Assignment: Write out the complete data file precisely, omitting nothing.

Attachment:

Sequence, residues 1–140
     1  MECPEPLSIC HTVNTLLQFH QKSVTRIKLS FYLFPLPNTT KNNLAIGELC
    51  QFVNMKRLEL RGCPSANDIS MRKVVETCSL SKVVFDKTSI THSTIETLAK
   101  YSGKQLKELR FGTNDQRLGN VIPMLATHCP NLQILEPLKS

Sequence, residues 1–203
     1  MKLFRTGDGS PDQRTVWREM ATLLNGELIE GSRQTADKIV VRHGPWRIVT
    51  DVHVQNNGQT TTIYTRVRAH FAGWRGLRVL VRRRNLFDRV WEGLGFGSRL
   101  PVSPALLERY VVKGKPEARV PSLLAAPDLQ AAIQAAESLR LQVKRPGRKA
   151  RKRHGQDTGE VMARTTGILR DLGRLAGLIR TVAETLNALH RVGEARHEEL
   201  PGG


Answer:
Sequence, residues 1–140
     1  MECPEPLSIC HTVNTLLQFH QKSVTRIKLS FYLFPLPNTT KNNLAIGELC
    51  QFVNMKRLEL RGCPSANDIS MRKVVETCSL SKVVFDKTSI THSTIETLAK
   101  YSGKQLKELR FGTNDQRLGN VIPMLATHCP NLQILEPLKS

Sequence, residues 1–203
     1  MKLFRTGDGS PDQRTVWREM ATLLNGELIE GSRQTADKIV VRHGPWRIVT
    51  DVHVQNNGQT TTIYTRVRAH FAGWRGLRVL VRRRNLFDRV WEGLGFGSRL
   101  PVSPALLERY VVKGKPEARV PSLLAAPDLQ AAIQAAESLR LQVKRPGRKA
   151  RKRHGQDTGE VMARTTGILR DLGRLAGLIR TVAETLNALH RVGEARHEEL
   201  PGG